A Canadian professor has been flooded with angry e-mails from parents after publishing a study saying that the popular children's TV show featuring Thomas the Tank Engine teaches children to be conformist -- and sexist. University of Alberta political scientist Shauna Wilton says she recognizes that Thomas—who works on the railway on the fictional island of Sodor—also stresses positive themes, such as trust, honesty, and hard work, but she notes that only eight of the 49 main characters in the current Thomas shows are female. Only one, Emily, is among the core team of steam engines—and she didn't show up until the TV series' seventh season. Is Thomas the Tank Engine sexist? (Watch a Fox report about whether Thomas the Tank Engine is sexist)
What nonsense: Thomas is a great role model for little boys, says Sally Morrell in Australia's Herald Sun. He's "kind, friendly, and helpful, and always tries his best." The show may appear un-PC to a mom with a little girl—after all, the original books were written in the 1940s by a minister for his son. But a lack of "train engines who wear lipstick" is far less sexist than all those Disney princesses.
"Prof is off the rails to bag Thomas"
There's no denying that female engines get short shrift: Shauna Wilton, whose 3-year-old daughter watches Thomas, isn't the first parent to suspect that the show is "peddling harmful right-wing rhetoric," says Fionola Meredith in the Irish Times. Many parents "reserve a special loathing for the little tooting train" because of the male-dominated world he lives in, and the TV show's relentless call for subservience to authority. "If your pre-schooler starts channeling the autocratic spirit of Sir Topham Hatt," Thomas' boss, "you know you’ve really got trouble."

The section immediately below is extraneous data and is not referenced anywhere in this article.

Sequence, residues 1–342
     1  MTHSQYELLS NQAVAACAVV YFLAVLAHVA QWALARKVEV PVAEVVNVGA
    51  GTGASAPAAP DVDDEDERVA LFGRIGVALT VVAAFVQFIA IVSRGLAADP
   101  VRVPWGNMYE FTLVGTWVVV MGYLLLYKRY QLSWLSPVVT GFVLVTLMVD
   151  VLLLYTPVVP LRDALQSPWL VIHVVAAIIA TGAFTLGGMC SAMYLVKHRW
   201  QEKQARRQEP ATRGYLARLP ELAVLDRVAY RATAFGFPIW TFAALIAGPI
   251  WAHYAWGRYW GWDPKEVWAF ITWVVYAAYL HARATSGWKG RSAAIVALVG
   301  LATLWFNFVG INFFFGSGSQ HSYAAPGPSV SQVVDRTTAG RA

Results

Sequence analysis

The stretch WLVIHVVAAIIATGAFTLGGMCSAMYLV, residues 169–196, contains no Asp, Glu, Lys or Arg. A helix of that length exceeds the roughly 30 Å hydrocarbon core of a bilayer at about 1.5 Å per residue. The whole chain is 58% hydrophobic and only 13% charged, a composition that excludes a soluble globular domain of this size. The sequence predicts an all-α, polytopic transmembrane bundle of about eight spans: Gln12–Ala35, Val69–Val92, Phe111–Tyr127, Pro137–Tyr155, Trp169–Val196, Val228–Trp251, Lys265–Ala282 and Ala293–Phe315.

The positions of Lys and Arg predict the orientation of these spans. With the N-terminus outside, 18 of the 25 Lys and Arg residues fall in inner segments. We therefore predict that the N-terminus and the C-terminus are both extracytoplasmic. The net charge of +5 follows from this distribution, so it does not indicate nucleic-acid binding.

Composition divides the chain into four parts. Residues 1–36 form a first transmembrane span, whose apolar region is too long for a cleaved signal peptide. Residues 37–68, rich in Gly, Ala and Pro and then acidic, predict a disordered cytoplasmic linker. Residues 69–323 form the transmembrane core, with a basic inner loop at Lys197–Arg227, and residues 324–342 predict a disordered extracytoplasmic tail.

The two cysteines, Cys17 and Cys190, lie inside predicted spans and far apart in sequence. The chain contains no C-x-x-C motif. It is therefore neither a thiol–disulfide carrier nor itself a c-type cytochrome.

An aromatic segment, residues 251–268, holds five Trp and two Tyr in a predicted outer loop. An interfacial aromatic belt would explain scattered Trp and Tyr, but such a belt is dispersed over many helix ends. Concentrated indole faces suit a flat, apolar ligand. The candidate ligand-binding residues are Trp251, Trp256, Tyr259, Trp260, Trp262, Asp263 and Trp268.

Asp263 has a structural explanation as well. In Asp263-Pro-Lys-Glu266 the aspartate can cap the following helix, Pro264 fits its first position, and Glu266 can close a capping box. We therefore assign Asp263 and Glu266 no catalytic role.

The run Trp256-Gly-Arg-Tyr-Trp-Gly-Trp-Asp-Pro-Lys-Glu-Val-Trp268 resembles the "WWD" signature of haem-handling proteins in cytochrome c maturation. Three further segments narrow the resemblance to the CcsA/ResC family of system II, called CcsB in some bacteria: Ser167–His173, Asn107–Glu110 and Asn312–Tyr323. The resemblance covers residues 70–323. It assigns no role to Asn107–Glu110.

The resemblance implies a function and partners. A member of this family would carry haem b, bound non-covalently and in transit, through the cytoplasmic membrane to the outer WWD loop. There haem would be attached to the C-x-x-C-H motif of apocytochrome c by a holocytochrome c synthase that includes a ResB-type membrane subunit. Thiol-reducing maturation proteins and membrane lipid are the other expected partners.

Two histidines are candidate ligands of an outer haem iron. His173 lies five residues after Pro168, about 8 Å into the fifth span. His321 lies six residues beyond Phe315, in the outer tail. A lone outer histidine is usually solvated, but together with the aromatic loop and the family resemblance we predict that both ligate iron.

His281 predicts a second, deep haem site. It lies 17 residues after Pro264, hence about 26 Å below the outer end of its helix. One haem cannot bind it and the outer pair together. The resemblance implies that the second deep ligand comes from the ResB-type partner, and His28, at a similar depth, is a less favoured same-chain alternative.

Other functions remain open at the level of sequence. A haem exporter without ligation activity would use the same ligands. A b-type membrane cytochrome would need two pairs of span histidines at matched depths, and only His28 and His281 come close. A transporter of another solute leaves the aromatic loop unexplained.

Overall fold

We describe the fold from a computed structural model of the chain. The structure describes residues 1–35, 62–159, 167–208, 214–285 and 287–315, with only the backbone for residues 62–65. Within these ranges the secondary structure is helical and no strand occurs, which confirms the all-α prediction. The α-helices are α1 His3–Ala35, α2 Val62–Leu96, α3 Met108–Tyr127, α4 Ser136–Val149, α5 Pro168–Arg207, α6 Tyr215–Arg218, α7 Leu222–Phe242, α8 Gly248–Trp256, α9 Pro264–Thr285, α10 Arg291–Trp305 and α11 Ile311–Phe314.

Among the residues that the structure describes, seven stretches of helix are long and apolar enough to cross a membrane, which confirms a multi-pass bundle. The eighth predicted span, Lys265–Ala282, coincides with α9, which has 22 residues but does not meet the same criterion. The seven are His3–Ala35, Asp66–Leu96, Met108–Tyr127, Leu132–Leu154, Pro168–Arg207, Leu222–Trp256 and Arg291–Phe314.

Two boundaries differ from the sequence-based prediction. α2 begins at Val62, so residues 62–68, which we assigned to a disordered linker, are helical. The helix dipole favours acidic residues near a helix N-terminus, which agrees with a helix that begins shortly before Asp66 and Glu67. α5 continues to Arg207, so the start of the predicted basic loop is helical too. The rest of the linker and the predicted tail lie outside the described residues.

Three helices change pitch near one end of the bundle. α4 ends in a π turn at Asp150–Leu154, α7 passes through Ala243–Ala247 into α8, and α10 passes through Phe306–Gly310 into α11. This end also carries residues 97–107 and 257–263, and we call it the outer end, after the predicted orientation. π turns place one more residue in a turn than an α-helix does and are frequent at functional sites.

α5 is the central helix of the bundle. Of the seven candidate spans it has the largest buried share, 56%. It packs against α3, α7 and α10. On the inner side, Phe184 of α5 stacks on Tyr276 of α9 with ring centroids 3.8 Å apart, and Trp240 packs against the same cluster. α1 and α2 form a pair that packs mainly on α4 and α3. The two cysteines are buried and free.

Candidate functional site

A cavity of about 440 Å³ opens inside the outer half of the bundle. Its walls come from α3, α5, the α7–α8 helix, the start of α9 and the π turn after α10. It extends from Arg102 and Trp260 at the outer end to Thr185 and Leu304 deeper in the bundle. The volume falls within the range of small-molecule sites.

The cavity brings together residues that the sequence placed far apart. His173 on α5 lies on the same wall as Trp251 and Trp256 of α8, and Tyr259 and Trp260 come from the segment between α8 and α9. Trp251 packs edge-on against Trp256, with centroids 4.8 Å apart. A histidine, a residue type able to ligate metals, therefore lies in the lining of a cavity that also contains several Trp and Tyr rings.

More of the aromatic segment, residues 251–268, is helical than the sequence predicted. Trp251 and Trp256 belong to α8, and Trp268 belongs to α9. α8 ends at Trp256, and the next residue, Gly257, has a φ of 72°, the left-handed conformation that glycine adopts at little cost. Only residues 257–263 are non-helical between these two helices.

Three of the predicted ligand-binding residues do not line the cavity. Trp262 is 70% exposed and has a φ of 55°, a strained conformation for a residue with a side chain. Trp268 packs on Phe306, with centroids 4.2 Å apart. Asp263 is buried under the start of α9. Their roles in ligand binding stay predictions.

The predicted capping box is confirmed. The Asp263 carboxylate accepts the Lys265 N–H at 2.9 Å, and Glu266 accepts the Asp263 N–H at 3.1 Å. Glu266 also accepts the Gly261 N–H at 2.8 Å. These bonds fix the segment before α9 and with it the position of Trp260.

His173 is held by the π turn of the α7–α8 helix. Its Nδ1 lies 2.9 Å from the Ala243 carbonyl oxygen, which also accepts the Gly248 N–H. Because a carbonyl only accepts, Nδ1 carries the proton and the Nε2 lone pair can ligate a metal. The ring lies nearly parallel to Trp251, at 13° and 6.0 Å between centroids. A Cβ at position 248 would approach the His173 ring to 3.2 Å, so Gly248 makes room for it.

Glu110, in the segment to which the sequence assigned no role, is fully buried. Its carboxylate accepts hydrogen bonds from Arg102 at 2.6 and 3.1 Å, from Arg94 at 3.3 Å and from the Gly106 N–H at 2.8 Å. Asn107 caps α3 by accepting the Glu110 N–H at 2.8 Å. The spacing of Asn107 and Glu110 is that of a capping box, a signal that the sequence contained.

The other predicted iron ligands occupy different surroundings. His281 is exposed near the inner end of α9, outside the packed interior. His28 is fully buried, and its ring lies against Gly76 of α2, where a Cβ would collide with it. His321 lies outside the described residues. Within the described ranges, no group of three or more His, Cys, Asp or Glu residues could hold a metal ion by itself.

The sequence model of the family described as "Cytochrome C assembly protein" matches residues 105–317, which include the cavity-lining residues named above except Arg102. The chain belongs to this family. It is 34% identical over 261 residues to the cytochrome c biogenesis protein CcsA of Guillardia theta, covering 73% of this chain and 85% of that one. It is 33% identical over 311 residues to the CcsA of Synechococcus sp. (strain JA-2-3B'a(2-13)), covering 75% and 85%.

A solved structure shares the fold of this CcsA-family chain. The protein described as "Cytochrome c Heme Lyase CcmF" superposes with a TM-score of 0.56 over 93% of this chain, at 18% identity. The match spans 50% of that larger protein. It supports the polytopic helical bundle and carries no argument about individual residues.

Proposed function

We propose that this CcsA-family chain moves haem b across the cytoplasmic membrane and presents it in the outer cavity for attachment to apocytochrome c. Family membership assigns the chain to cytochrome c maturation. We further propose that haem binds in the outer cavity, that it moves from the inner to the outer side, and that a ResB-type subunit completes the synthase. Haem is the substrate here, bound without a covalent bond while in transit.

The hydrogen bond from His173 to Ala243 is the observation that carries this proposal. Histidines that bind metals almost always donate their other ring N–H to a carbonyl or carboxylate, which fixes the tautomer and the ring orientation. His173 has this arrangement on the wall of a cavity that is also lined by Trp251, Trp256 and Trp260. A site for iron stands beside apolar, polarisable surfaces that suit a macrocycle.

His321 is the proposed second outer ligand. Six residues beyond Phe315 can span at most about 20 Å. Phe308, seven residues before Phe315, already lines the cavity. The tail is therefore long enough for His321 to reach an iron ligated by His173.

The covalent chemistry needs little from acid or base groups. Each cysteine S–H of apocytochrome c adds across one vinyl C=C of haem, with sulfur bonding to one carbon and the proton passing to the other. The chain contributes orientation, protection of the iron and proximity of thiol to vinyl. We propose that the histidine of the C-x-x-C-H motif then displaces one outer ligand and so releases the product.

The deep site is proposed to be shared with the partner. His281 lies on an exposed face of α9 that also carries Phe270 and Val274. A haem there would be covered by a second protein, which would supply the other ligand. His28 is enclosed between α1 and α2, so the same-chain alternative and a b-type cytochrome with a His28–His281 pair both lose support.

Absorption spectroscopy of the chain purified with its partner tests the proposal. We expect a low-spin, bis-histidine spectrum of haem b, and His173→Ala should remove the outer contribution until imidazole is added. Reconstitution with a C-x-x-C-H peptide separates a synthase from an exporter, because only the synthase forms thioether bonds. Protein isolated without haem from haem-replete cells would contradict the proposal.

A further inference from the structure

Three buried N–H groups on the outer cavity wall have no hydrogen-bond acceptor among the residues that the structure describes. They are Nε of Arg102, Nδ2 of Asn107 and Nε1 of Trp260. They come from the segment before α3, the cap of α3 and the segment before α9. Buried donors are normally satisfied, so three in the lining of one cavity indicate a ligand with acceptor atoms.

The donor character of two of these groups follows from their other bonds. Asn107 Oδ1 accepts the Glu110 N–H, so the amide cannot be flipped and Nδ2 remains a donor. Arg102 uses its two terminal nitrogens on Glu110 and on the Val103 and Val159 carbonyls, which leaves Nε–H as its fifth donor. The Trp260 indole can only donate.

"Thomas the not-so-innocuous engine"
Thomas may be a steam engine, but he's modernizing: "Yes, there is a lack of female characters and most have been relegated to secondary" roles, say the editors of Feministing. But the Thomas and Friends show underwent a "major overhaul" in 2004 to address its problems, and female characters such as Daisy and Mavis "have been proven to possess strong, charismatic personalities." The Thomas stories may be old-fashioned, but they're not particularly demeaning to women.
"Is Thomas the Tank Engine sexist?"
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